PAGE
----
While we’re no metallurgists, the average density of each wheel can also say something about its strength. Each wheel is made of aluminum, and the more densely the metal is compacted together or forged, the stronger the wheel is. But because no one would give us exact material properties or the computer-generated solid model files of each wheel that would allow us to determine wheel volume precisely, we resorted to dunking each wheel inside a tub of water and figuring out how much water it displaces. Divide the wheel volume by its weight, and we have a ballpark density for each wheel, even though this included the paint on the wheel. Either way, the forged wheels should have a higher density than the cast wheels.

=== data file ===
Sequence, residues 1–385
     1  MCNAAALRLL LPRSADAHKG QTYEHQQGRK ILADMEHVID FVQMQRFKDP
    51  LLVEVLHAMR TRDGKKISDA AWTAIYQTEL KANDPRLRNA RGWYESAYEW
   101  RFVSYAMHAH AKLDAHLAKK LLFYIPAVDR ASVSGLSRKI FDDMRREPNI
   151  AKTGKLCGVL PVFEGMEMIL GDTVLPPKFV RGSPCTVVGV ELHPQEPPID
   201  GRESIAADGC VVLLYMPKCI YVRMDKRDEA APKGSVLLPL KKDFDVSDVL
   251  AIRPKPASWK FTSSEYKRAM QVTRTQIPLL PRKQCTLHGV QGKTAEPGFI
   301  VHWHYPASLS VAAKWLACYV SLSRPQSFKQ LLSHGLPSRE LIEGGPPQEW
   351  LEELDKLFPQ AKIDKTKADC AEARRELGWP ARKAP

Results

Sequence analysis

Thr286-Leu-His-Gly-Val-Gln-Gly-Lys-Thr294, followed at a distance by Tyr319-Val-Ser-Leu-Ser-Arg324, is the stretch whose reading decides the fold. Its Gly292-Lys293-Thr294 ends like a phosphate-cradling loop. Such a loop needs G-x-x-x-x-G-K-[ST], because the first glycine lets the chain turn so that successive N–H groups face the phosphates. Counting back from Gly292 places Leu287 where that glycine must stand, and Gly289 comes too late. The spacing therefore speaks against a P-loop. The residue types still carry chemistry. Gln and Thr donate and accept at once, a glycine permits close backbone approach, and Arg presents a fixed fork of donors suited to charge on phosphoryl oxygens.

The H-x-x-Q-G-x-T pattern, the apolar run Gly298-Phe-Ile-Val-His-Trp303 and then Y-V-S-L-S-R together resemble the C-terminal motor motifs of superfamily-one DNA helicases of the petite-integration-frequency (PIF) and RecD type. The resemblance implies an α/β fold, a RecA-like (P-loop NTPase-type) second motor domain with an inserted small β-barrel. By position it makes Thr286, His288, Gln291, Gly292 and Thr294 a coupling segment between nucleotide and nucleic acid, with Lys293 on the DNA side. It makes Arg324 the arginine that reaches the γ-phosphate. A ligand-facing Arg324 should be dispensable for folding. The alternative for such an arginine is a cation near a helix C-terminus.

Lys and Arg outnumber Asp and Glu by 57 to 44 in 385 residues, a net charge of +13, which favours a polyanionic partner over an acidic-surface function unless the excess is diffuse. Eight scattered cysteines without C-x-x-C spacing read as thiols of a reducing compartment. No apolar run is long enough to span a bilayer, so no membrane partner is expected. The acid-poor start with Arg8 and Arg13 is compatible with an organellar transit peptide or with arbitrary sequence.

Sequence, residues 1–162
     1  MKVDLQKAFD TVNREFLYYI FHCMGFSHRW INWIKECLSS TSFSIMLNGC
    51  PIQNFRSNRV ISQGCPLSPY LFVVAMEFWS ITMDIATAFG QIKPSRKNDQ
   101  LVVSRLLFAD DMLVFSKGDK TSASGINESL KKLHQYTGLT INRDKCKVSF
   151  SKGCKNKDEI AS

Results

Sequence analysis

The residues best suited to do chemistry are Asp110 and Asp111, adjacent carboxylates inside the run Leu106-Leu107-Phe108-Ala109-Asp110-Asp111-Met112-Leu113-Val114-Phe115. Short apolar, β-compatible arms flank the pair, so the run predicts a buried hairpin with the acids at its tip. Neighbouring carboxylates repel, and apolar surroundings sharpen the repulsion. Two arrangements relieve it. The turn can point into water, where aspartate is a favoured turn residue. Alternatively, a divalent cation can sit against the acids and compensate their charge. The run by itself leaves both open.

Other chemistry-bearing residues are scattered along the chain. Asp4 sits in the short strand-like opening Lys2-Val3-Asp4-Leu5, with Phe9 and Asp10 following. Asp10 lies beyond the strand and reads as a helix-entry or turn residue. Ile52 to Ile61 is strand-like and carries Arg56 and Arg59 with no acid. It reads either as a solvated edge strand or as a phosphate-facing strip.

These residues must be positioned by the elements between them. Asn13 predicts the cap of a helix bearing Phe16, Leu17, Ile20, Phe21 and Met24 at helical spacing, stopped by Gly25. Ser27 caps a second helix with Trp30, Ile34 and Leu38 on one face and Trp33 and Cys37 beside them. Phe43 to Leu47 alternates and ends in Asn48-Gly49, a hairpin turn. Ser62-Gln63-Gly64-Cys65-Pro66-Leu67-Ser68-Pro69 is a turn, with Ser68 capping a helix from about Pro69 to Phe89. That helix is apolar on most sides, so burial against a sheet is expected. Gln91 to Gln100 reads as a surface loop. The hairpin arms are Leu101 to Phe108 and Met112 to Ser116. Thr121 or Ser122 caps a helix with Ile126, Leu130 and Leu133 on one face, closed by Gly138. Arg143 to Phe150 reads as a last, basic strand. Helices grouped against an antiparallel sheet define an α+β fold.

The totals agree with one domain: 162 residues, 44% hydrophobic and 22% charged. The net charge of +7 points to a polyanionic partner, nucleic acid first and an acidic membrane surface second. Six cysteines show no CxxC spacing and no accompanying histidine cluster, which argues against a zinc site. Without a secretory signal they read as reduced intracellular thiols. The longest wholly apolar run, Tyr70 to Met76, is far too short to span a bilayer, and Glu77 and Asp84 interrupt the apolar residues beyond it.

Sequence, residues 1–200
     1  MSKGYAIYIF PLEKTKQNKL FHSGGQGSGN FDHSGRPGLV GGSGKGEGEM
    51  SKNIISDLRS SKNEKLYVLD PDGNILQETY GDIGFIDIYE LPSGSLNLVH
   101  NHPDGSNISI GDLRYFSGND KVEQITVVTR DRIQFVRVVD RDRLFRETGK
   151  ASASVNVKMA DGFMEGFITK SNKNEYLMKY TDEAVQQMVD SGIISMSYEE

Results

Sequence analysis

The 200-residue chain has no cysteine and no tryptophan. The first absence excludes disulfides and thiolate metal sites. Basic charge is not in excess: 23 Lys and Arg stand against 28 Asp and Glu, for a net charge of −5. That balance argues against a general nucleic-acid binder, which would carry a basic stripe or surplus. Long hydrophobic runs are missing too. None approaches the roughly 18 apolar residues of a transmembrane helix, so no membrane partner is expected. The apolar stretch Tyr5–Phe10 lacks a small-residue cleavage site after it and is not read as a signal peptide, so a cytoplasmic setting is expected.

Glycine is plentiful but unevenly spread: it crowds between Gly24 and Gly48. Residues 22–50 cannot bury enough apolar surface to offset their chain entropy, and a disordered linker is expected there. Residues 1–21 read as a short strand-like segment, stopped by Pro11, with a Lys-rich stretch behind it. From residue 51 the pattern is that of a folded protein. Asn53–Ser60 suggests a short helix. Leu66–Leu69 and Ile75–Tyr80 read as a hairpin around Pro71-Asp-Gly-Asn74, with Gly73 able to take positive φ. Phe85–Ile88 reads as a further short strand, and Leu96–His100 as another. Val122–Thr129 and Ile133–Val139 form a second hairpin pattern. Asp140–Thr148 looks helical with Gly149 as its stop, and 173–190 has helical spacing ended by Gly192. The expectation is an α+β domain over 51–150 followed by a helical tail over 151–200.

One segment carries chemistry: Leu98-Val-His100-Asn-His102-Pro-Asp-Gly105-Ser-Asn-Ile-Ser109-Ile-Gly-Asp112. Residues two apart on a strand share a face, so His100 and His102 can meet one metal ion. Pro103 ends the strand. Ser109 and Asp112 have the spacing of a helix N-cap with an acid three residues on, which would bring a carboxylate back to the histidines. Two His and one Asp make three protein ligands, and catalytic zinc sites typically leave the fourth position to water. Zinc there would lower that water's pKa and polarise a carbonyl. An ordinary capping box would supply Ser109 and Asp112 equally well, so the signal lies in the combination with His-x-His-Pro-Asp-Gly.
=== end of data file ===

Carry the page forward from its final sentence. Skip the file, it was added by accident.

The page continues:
One other physical aspect of a wheel is its mass moment of inertia (more commonly referred to as rotational inertia). Rotational inertia basically indicates how hard it will be to start and stop a wheel from spinning.In theory, this will affect braking and acceleration performance. But rotational inertia is affected not only by a wheel’s weight and shape, but more importantly how the weight is distributed throughout the wheel and its overall size. Two same-weight wheels could have vastly different amounts of rotational inertia if the weight or metal in the wheel was distributed differently. A wheel with a heavy hoop will have more rotational inertia than an identically heavy wheel whose weight is mostly in the hub.